The Biden administration on Saturday said it will permit slight delays in the implementation of an emergency temporary standard (ETS) that will place coronavirus vaccine and testing mandates on 84 million American workers.
The ETS, first issued last month, requires all companies with 100 employees or more to enforce vaccine requirements to stop the spread of the coronavirus. If employees refuse to get the shots in their arms then they must comply with regular testing requirements issued by their companies or face termination.
The controversial mandate issued by the Labor Department’s Occupational Safety and Health Administration (OSHA) was stalled in early November by the Fifth Circuit Court of Appeals.
But on Friday, the Sixth Circuit Court of Appeals lifted the stay.
A Labor Department spokesperson told Fox News on Saturday it was "gratified" by the court's decision to dissolve the blockade.
"OSHA can now once again implement this vital workplace health standard, which will protect the health of workers by mitigating the spread of the unprecedented virus in the workplace," the spokesperson said. Adding that the department will exercise "enforcement discretion with respect to the compliance dates" of the mandate.
"To provide employers with sufficient time to come into compliance, OSHA will not issue citations for noncompliance with any requirements of the ETS before January 10," the spokesperson continued.
OSHA will also hold off on issuing citations for "noncompliance with the standard’s testing requirements before Feb. 9, so long as an employer is exercising reasonable, good faith efforts to come into compliance with the standard."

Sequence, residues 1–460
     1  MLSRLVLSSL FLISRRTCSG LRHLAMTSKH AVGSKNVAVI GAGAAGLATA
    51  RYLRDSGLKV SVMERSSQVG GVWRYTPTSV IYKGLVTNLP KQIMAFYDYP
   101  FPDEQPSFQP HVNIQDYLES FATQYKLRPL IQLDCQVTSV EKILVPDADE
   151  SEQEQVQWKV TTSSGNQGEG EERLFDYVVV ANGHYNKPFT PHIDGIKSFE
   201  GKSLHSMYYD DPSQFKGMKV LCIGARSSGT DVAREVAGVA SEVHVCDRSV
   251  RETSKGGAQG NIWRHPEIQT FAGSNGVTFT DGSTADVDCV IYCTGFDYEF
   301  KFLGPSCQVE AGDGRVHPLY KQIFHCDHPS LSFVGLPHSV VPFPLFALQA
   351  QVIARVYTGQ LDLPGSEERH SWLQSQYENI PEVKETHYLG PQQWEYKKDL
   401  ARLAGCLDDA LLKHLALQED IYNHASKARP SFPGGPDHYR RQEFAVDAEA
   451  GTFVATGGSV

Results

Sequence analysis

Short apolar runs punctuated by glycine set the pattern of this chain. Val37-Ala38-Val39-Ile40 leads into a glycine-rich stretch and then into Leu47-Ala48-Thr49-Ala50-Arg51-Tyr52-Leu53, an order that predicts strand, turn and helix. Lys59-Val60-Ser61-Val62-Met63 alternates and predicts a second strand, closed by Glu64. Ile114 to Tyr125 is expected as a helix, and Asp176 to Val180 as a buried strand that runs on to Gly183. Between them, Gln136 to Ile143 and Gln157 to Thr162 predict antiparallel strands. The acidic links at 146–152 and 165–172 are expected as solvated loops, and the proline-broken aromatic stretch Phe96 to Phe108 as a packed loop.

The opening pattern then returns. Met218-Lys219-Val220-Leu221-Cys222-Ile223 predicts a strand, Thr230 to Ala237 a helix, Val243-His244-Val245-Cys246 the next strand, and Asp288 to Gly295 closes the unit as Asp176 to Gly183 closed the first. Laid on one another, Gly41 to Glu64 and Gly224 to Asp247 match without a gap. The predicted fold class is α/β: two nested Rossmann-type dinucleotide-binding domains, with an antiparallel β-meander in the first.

"OSHA will work closely with the regulated community to provide compliance assistance," the spokesperson added.
Businesses could face repercussions if they fail to enforce the mandates and could see fines as high as $14,000 per violation.
The initial order would have required all companies to implement a vaccine mandate by Jan. 4, 2022.
The federal vaccine mandate received immediate backlash from Republicans on the Hill and a slurry of more than two dozen lawsuits in courts around the country attempting to block the order.
GOP lawmakers in both the House and Senate have taken steps to override the presidential executive order, citing concerns of overreach and potential harm to the U.S. labor force.
Critics of the mandate have asked the Supreme Court to intervene and at least three petitions were filed to the high court just hours after the stay was lifted Friday, as first reported by Reuters.
The Supreme Court earlier this week refused to block a New York regulation mandating COVID-19 vaccinations for health care workers – a move that could spell trouble for those opposed to the sweeping mandate.
The White House applauded the move Friday saying, "We welcome the Sixth Circuit’s decision."
"The OSHA vaccination or testing rule will ensure businesses enact measures that will protect their employees," the White House said in a statement. "Especially as the U.S. faces the highly transmissible Omicron variant, it’s critical we move forward with vaccination requirements and protections for workers with the urgency needed in this moment."
The U.S. could see another spike in coronavirus cases as the omicron continues to spread nationwide.
There have been more than 50 million reported coronavirus cases since the outbreak of the pandemic and over 800,000 deaths from the deadly virus, according to the Centers for Disease Control and Prevention (CDC).
Jon Brown contributed to this report.